Where the Gay Rights Movement Stands, 1 Year After the Repeal of DOMA

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Photo: null/FP PHOTO / MLADEN ANTONOV

On its final day for issuing decisions last June, the Supreme Court's opinion in United States v. Windsor declared the Defense of Marriage Act of 1996 unconstitutional, accelerating what was already a shockingly quick shift across the country on the issue of gay marriage. It's only been a decade since Massachusetts became the first state to legalize same-sex marriage, and now it's legal in 19 states and the District of Columbia. According to USA Today, supporters of marriage equality have won 20 consecutive rulings in lower federal and state courts in the last year, as judges repeatedly overturned state same-sex marriage bans, invoking the DOMA decision. It's definitely progress worth celebrating, but, on the other hand, gays and lesbians still can't marry in 31 states — plus, they face discrimination in many other areas, from adoption to donating blood. Here's a look at the recent triumphs in the gay rights movement, and the battles the LGBT community is still fighting.

Gay adoption: For same-sex couples in the United States, adoption laws are a confusing patchwork, and the practical rules can vary even from judge to judge. Only 19 states and the District of Columbia allow same-sex couples to adopt jointly.

In New York, the legalization of gay marriage has actually complicated the issue of same-sex adoptions. This year, Brooklyn Surrogate’s Court Judge Margarita López Torres ruled in the case of a married lesbian couple that the non-gestational mother's adoption petition was neither "necessary nor available" because there is a "presumption of parenthood" for all married couples. On the one hand, that means same-sex parents can skip the lengthy and expensive second-parent adoption process, but many worry that if they travel outside the state without adoption papers, both parents' rights won't be recognized.

Workplace discrimination: While it's been illegal to discriminate based on race, color, religion, sex, or national origin since 1964, incredibly, there is no federal ban on firing or refusing to hire someone based on sexual orientation or gender identity. Twenty-one states and many counties and towns have passed laws banning LGBT employment discrimination, and at the federal level, there are signs of (very slow) progress.

Many believed the Employment Non-Discrimination Act, which has been introduced in every session of Congress since 1994, would finally pass last year, but it stalled in the House. Now, President Obama is ready to act on his own. He's preparing an executive order that would ban federal contractors from discriminating in hiring or firing based on sexual orientation or gender identity. Companies that do business with the federal government make up a fifth of the U.S. workforce, but Obama said Congress should still be pressured to pass ENDA. “It doesn’t reach everybody who it needs to reach," he said of the executive order. "Congress needs to start working again."

Blood donation: The FDA banned gay men from donating blood in 1983, in the early days of the AIDS epidemic, and it has yet to update that policy, though in the last three decades tests have been developed that can detect HIV within days of infection. In 2006, the Red Cross, the American Association of Blood Banks, and America's Blood Centers urged the FDA to change its policy, and last summer the American Medical Association made the same recommendation, calling the ban "discriminatory and not based on sound science." There are several studies on the issue currently underway, and in September the FDA said the ban will be eased, "only if supported by scientific data showing that a change in policy would not present a significant and preventable risk to blood recipients."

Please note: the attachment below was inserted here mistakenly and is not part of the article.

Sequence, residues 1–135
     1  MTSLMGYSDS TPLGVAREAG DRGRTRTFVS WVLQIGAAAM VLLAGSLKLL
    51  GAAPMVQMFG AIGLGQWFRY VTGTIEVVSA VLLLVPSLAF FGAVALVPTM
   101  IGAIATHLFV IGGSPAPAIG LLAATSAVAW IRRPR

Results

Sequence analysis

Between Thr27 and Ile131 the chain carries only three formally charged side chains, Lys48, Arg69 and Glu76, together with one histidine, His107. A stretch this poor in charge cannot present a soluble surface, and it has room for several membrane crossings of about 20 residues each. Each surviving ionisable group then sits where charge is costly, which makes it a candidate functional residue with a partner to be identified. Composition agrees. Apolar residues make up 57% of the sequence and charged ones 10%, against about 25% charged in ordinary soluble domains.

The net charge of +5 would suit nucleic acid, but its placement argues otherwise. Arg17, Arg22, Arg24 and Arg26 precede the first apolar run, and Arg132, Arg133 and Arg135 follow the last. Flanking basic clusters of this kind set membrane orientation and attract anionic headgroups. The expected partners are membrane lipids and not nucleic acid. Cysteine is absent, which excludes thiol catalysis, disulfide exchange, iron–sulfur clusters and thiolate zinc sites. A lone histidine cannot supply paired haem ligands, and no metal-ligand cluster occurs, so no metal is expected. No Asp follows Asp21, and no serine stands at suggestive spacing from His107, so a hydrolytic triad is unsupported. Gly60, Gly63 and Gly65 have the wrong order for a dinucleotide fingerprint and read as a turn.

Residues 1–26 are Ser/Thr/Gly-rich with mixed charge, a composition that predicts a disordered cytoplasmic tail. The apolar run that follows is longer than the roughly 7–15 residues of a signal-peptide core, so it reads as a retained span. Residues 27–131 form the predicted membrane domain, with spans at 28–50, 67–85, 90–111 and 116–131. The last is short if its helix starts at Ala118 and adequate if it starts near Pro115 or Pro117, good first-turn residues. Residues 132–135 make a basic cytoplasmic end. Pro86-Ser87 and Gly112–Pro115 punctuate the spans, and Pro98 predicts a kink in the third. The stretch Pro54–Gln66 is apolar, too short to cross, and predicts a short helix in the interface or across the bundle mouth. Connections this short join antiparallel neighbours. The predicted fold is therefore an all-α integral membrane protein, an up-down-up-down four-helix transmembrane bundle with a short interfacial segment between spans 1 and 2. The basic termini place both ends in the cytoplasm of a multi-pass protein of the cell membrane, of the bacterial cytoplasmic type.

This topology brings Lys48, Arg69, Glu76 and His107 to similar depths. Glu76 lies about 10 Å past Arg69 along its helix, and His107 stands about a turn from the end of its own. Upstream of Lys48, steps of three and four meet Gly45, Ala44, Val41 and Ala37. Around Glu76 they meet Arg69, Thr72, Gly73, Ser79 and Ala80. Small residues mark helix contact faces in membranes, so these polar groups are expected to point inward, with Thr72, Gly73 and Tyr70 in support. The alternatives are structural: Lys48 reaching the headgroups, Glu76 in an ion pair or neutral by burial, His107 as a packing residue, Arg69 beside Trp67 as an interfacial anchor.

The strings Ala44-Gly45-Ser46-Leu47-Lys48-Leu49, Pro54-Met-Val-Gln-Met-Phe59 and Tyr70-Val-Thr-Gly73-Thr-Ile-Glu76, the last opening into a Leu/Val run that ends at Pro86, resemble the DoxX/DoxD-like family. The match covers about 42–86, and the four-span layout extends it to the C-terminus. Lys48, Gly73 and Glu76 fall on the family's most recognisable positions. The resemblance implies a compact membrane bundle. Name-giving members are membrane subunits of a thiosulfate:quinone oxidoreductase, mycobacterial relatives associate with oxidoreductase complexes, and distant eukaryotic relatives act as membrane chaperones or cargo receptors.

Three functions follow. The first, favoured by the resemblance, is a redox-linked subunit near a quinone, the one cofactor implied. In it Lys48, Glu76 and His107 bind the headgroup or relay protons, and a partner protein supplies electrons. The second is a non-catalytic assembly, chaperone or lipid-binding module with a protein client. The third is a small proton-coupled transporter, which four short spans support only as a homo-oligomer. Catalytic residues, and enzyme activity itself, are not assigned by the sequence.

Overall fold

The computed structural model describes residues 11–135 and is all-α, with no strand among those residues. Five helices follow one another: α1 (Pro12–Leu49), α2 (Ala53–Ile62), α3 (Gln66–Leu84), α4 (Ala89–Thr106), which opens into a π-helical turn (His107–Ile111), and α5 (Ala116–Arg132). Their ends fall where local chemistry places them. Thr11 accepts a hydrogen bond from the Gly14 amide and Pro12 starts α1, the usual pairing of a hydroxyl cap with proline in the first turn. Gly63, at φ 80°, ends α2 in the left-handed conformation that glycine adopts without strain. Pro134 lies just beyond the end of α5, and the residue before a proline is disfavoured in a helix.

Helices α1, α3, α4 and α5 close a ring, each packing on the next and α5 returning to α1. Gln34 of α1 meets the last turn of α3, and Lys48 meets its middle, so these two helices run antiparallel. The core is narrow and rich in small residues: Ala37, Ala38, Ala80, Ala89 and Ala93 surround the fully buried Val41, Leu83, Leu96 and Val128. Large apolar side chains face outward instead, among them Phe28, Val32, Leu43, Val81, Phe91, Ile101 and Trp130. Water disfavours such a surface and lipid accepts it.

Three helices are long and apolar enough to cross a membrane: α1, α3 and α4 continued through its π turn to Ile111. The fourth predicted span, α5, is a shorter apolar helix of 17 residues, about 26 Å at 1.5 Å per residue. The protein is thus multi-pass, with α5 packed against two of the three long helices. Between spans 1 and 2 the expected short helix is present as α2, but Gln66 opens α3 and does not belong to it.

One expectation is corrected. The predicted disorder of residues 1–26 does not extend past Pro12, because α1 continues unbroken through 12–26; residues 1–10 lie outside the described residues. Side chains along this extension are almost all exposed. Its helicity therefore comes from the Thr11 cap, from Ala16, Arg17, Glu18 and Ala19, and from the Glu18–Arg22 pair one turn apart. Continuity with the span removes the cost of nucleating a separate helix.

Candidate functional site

Military service: Gays, lesbians, and bisexuals have been able to serve openly in the military since Don't Ask, Don't Tell was repealed in 2011, but consensual gay sex was still banned under the Uniform Code of Military Justice until last December. Article 125 prohibited it, stating, "unnatural carnal copulation with another person of the same or opposite sex or with an animal is guilty of sodomy." The provision was essentially unenforceable since the U.S. Supreme Court struck down anti-sodomy laws in the 2003 decision Lawrence v. Texas, but an effort to remove it failed in 2011 after complaints from conservative groups. Tony Perkins of the Family Research Council said, "In its haste to make gay sex an official part of military life, the left could be unintentionally repealing the ban on bestiality too." The ban on sodomy was repealed under the National Defense Authorization Act for Fiscal Year 2014 (and bestiality is still prohibited under other statutes).

Transgender people still can't serve openly in the armed forces, as Defense Department guidelines describe being transgender as a form of sexual deviance. It's estimated that there are more than 15,000 transgender people currently serving in the U.S. Army, and in May, Secretary of Defense Chuck Hagel said he's "open" to reviewing the policy.

Anti-sodomy laws: While the U.S. Supreme Court invalidated anti-sodomy laws nationwide in 2003, more than a decade later, they're still on the books in a dozen states — and in many cases it isn't just an oversight. Last year, police in Baton Rouge, Louisiana, arrested at least a dozen gay men for attempted "crimes against nature," and while the district attorney refused to bring charges, state lawmakers voted to keep the law in place. In a letter sent to every state lawmaker, the influential Christian Louisiana Family Forum said, "Louisiana's anti-sodomy statute is consistent with the values of Louisiana residents who consider this behavior to be dangerous, unhealthy and immoral."